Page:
FLIGHT DEPT PROFILE

Service Aerien Gouvernemental, Quebec's helping hand to the world

Using water bombers, Challenger jets, Bell helos and a Dash 8 TP, SAG suppresses forest fires, combats crime and saves lives.


Challenger 601 Captains Gilbert d'Amours (L) and Jean-Yves Lafontaine complete checklist procedures.

Today, SAG operates from 2 permanent bases-YQB and YHU. The Challengers, the Dash 8 and the tankers are based at YQB. As noted above, during the fire season the tankers are dispatched to forward bases closer to the action.

Surete du Quebec's helicopter operations base at YHU includes a full maintenance shop. Seven pilots, 3 technicians and 1 support employee are posted there.

Workforce

Since Jan 2004, the SAG team has been led by General Mgr Lucien Tremblay, a long-time public servant.

All 191 members of SAG report ultimately to him. Key members of his team include Mgr Customer Service & Promotion Pierre Angers and SAG's 3 chief pilots-Jean-Pierre Guay for fire bombers, Luc Roy for business jets and Claude Simard for helicopters.

SAG achieves its 4 mission mandates with 75 pilots, 55 technicians, 9 flight regulators and 6 flight attendants, in addition to personnel dedicated to administration, aircraft charter and training. Medical personnel consist of around 20 doctors and 10 nurses from Quebec City L'Enfant-Jesus Hospital.

The mission commander is a police officer when the helicopters are operated on behalf of Surete du Quebec. CL215/415 pilots must be qualified to fly a tanker of more than 30,000 lbs gross weight, and must have at least 3000 hrs TT, including 1500 as a seaplane PIC, 2000 as a bush plane PIC, or 2000 as copilot on an SAG tanker.

To reach the rank of captain on business aircraft, a candidate must have accumulated 4000 hrs TT (including at least 3000 in SAG's business aircraft), with 300 hrs instrument and 1000 hrs as PIC of an airplane of more than 19,000 lbs gross weight.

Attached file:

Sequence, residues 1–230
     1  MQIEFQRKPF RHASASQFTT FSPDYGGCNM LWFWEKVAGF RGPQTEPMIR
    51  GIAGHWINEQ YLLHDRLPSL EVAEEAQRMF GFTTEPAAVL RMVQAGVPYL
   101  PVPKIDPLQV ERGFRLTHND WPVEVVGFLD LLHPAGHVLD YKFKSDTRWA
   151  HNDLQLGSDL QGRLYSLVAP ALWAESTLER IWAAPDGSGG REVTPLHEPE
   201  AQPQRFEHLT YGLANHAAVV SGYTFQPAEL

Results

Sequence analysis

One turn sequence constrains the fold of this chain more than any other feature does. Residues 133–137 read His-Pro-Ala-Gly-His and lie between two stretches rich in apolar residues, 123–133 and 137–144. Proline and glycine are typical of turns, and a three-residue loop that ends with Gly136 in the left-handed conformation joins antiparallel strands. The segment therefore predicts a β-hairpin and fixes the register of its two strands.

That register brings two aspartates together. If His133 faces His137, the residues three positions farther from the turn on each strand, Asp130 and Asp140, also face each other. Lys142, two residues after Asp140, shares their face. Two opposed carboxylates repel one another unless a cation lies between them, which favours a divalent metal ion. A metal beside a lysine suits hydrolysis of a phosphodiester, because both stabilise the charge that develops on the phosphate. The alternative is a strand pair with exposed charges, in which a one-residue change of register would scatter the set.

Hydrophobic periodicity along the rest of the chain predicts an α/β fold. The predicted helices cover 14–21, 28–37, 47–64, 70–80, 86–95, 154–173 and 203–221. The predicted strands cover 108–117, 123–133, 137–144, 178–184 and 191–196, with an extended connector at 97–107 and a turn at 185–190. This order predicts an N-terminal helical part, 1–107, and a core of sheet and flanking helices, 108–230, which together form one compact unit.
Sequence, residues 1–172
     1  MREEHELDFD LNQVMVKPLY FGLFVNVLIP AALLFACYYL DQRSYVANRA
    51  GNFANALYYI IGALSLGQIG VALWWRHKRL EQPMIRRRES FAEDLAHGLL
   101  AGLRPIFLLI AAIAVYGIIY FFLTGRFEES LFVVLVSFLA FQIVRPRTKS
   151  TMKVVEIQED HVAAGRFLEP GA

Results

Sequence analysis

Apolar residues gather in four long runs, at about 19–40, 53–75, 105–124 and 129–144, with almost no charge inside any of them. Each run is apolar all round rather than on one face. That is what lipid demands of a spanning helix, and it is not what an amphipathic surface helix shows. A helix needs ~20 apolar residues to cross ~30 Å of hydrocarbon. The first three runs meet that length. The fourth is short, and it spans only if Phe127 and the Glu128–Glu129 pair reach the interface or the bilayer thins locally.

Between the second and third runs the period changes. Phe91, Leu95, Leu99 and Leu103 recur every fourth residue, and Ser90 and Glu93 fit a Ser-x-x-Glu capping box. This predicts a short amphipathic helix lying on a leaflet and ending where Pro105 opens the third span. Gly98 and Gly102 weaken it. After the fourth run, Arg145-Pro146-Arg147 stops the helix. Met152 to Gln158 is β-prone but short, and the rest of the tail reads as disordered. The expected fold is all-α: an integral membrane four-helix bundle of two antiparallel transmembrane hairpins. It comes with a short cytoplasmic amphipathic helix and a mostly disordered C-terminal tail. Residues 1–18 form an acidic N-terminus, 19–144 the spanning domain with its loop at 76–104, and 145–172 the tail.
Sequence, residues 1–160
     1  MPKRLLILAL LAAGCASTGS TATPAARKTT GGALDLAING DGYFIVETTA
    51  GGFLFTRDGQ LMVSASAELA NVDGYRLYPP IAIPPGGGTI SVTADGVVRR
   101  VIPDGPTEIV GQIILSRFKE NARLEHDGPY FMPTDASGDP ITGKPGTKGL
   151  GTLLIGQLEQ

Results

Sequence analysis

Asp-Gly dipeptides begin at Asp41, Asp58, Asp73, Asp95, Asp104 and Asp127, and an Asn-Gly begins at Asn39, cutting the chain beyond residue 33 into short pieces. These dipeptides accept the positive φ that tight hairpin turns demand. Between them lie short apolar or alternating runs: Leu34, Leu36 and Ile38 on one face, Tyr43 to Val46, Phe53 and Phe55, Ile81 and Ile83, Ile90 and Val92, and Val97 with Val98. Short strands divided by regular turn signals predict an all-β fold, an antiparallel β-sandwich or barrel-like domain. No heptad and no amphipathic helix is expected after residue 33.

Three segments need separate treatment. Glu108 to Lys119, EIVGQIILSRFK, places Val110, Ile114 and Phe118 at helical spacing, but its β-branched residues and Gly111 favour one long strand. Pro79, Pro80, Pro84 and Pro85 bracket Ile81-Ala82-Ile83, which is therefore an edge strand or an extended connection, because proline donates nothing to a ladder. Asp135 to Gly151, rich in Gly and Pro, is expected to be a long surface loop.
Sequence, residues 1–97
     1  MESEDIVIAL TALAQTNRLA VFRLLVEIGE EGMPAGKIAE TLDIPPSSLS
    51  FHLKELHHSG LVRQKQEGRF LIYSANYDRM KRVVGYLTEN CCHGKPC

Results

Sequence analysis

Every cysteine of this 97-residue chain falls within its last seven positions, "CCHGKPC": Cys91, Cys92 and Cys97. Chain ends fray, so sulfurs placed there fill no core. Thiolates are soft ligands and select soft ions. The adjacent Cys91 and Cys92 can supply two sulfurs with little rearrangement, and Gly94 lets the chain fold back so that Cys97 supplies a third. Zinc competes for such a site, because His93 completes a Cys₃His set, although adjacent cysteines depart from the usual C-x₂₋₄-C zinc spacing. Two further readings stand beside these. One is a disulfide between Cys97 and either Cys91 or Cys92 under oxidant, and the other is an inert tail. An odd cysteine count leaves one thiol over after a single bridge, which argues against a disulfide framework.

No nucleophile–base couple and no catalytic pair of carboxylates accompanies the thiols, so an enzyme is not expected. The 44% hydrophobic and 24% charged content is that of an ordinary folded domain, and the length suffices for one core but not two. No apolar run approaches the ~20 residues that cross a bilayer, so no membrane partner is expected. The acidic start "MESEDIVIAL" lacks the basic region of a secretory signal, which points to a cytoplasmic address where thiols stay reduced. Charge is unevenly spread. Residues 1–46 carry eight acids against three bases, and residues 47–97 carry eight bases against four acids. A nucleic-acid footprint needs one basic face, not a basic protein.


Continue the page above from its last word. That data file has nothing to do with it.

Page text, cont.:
Tanker copilot candidates often come from bush aviation, and must have at least 2500 hrs TT, including 1500 as a seaplane PIC.

A business aircraft copilot must hold a professional multiengine licence for an aircraft over 12,500 lbs gross weight and have 3000 hrs in multiengine turboprops or jets, regardless of weight. To fly helicopters, a rotary-wing licence and 1500 hrs are required.

Training and maintenance

Most fixed-wing maintenance is carried out in-house at YQB. Here technicians change a Challenger's GECF34 engine.

Helicopter pilots and copilots undergo initial and recurrent training at FlightSafety Intl DFW (Dallas-Fort Worth TX), while Challenger flightcrews attend FlightSafety Intl YUL and Dash 8 crews go to FlightSafety Intl YZD (Downsview, Toronto ON).

SAG has developed a complete training program for the Bombardier 415-approved by Transport Canada-on a Level 6 flight training device (FTD). Unique in the world and in service since Jan 2003, the CL415 FTD was conceived and developed in Quebec by Adacel and Mechtronix. Replicating a CL415 cockpit and equipped with a 35 x 12-ft 180 degrees visual field, it reproduces all weather conditions and emergencies.

The system also allows crews to learn the operations of scooping and dropping water at treetop level. All fixed-wing aircraft maintenance is carried out by SAG personnel at YQB. Helicopter maintenance is done at YHU, except for powerplant overhaul, which is outsourced.

Fleet plans

On Jul 11, 2008, as the leasing contracts on its 8 Bombardier 415s were due to start expiring, the Quebec government authorized SAG to purchase the aircraft outright at a cost of C$90 million.

Although the oldest CL215s in SAG's fleet have served for more than 40 years, there are no plans to replace any of them. Average annual utilization is only 250 hrs, and they are likely to continue in active service for a long time thanks to meticulous maintenance.

On Jan 24, 2008, the Quebec government announced that 2 new twinjet aircraft of unspecified (but identical) type would be purchased to replace SAG's Challenger 601-1A and DHC8-200. Approximate cost was given as C$40 million.

One aircraft will be used for EMS missions and the other as a medical shuttle to replace the Dash 8. SAG has been charged with establishing the technical requirement, and an invitation to tender should be launched before the end of 2009.

Meanwhile, it has been recommended that the medical shuttles for scheduled non-urgent transfers, currently undertaken by SAG's Dash 8, be handled by the private sector-specifically, by one or more Quebec air carriers.

 

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